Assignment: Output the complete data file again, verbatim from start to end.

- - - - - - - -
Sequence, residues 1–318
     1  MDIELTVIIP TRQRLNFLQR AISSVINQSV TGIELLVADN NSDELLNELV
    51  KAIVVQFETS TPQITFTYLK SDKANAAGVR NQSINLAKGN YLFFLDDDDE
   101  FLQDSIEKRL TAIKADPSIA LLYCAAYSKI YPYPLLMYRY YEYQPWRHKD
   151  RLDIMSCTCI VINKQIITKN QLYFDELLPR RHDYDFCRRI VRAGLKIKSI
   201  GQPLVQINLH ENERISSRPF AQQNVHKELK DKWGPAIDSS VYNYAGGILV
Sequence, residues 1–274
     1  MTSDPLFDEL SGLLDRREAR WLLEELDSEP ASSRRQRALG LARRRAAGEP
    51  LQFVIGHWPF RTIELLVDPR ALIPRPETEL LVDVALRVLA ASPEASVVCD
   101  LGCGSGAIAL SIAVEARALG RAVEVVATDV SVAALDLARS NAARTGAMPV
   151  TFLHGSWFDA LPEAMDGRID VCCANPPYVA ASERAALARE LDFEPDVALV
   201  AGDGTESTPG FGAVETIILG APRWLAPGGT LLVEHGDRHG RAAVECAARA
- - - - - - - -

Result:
Sequence, residues 1–318
     1  MDIELTVIIP TRQRLNFLQR AISSVINQSV TGIELLVADN NSDELLNELV
    51  KAIVVQFETS TPQITFTYLK SDKANAAGVR NQSINLAKGN YLFFLDDDDE
   101  FLQDSIEKRL TAIKADPSIA LLYCAAYSKI YPYPLLMYRY YEYQPWRHKD
   151  RLDIMSCTCI VINKQIITKN QLYFDELLPR RHDYDFCRRI VRAGLKIKSI
   201  GQPLVQINLH ENERISSRPF AQQNVHKELK DKWGPAIDSS VYNYAGGILV
Sequence, residues 1–274
     1  MTSDPLFDEL SGLLDRREAR WLLEELDSEP ASSRRQRALG LARRRAAGEP
    51  LQFVIGHWPF RTIELLVDPR ALIPRPETEL LVDVALRVLA ASPEASVVCD
   101  LGCGSGAIAL SIAVEARALG RAVEVVATDV SVAALDLARS NAARTGAMPV
   151  TFLHGSWFDA LPEAMDGRID VCCANPPYVA ASERAALARE LDFEPDVALV
   201  AGDGTESTPG FGAVETIILG APRWLAPGGT LLVEHGDRHG RAAVECAARA